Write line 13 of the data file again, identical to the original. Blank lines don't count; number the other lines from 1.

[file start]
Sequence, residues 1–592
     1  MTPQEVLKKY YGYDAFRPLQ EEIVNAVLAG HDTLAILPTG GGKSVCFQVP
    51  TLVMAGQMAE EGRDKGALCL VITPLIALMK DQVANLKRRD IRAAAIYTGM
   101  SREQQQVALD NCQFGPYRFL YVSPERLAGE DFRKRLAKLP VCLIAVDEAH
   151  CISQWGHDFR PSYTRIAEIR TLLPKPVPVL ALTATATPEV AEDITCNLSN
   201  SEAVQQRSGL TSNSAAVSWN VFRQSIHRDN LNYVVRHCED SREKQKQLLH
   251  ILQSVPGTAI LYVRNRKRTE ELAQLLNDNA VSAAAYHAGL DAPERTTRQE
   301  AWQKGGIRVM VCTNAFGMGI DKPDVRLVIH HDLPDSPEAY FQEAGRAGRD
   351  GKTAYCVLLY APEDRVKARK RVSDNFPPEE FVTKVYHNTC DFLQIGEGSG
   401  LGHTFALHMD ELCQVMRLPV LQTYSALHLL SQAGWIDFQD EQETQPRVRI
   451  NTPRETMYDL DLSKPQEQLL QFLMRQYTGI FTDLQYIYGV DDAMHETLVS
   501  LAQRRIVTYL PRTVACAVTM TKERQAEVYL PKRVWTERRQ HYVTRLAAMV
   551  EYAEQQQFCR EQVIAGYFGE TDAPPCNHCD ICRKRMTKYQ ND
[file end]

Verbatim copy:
   551  EYAEQQQFCR EQVIAGYFGE TDAPPCNHCD ICRKRMTKYQ ND